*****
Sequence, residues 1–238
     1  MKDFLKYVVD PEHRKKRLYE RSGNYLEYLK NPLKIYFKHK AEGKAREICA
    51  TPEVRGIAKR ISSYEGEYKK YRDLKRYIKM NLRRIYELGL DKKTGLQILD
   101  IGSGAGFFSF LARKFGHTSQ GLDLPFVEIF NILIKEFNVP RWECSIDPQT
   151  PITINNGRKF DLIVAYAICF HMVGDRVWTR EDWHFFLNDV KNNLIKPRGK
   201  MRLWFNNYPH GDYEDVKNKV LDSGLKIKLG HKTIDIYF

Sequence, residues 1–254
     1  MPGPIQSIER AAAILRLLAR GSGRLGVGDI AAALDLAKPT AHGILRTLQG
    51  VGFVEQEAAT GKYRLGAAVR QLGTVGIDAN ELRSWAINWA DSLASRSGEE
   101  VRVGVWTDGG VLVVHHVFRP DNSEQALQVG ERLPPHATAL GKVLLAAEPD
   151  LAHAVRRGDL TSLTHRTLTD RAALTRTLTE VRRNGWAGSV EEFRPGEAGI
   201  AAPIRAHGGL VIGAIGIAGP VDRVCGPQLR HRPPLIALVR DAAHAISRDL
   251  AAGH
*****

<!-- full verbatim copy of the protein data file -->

Sequence, residues 1–238
     1  MKDFLKYVVD PEHRKKRLYE RSGNYLEYLK NPLKIYFKHK AEGKAREICA
    51  TPEVRGIAKR ISSYEGEYKK YRDLKRYIKM NLRRIYELGL DKKTGLQILD
   101  IGSGAGFFSF LARKFGHTSQ GLDLPFVEIF NILIKEFNVP RWECSIDPQT
   151  PITINNGRKF DLIVAYAICF HMVGDRVWTR EDWHFFLNDV KNNLIKPRGK
   201  MRLWFNNYPH GDYEDVKNKV LDSGLKIKLG HKTIDIYF

Sequence, residues 1–254
     1  MPGPIQSIER AAAILRLLAR GSGRLGVGDI AAALDLAKPT AHGILRTLQG
    51  VGFVEQEAAT GKYRLGAAVR QLGTVGIDAN ELRSWAINWA DSLASRSGEE
   101  VRVGVWTDGG VLVVHHVFRP DNSEQALQVG ERLPPHATAL GKVLLAAEPD
   151  LAHAVRRGDL TSLTHRTLTD RAALTRTLTE VRRNGWAGSV EEFRPGEAGI
   201  AAPIRAHGGL VIGAIGIAGP VDRVCGPQLR HRPPLIALVR DAAHAISRDL
   251  AAGH